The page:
“So at the time I was just taking a lot of really cool opportunities that I enjoyed doing, and it just kind of snowballed from there. It was something I found out I was really passionate about, and I really enjoyed it, so I’ll never look back at the days of working in a kitchen.”

Worthington accepts her gold medal.
Worthington accepts her gold medal. Jamie Squire/Getty Images

Worthington won her gold in thrilling style.

She fell during her open run attempting a 360-degree backflip.

Undeterred she landed the trick in her final run, becoming the first woman to land a 360-degree backflip in competition.

Afterwards, she said she was "super proud" to successfully land the trick.

“I’ve not been doing that trick that long, so it was probably one of my biggest goals coming here. This week was my first time doing it, the first female in the world to do it. It’s been super-tight turnaround as well, because I was dealing with a little injury a few weeks ago.

“I just had to have faith that it was ingrained in my body with the amount of work that we’ve been putting into it.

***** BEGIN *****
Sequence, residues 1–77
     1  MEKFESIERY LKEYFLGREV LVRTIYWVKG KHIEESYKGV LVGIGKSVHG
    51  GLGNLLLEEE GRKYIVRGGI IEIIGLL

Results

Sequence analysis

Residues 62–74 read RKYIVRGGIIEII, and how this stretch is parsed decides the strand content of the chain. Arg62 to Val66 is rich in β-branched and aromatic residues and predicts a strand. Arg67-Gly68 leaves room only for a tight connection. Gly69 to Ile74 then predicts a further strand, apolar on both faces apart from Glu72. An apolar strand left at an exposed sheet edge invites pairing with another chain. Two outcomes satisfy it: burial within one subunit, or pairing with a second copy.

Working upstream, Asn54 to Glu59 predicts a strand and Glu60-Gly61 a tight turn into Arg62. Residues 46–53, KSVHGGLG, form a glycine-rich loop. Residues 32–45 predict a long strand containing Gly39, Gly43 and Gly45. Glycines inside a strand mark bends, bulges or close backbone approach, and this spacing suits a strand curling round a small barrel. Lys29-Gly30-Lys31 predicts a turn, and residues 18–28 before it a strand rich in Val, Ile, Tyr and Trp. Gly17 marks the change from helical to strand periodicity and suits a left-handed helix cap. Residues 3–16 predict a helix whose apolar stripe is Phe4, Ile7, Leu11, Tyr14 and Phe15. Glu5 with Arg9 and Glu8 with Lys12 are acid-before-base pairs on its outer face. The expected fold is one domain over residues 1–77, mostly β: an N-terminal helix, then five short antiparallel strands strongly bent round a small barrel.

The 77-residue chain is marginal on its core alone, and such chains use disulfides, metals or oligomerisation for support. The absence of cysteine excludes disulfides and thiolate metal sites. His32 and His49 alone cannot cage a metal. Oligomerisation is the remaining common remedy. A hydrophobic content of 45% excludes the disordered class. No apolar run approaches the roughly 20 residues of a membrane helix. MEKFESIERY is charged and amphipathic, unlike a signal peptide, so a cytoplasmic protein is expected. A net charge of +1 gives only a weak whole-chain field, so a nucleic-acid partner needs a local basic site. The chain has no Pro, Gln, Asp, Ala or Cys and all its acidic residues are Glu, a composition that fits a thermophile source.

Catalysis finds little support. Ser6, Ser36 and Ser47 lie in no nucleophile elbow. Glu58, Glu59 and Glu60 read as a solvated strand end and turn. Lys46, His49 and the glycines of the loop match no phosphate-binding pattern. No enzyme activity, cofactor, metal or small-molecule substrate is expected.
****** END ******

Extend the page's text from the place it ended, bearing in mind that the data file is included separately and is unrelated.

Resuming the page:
"Going out there the second time I just ready to give it my all again. Once I landed that trick I knew that it was on. I pretty much zoned out for the rest of the run.”

1:58 a.m. ET, August 1, 2021

Taiwan's flag anthem played for first time in front of Chinese athletes at the Olympics

From CNN’s Eric Cheung

Taiwan's Lee Yang and Wang Chi-lin pose with their men's doubles badminton gold medals next to China's Liu Yuchen and Li Junhui with their silver medals, and Malaysia's Aaron Chia and Soh Wooi Yik with their bronze medals at a ceremony on Saturday.
Taiwan's Lee Yang and Wang Chi-lin pose with their men's doubles badminton gold medals next to China's Liu Yuchen and Li Junhui with their silver medals, and Malaysia's Aaron Chia and Soh Wooi Yik with their bronze medals at a ceremony on Saturday. (Alexander Nemenov/AFP/Getty Images)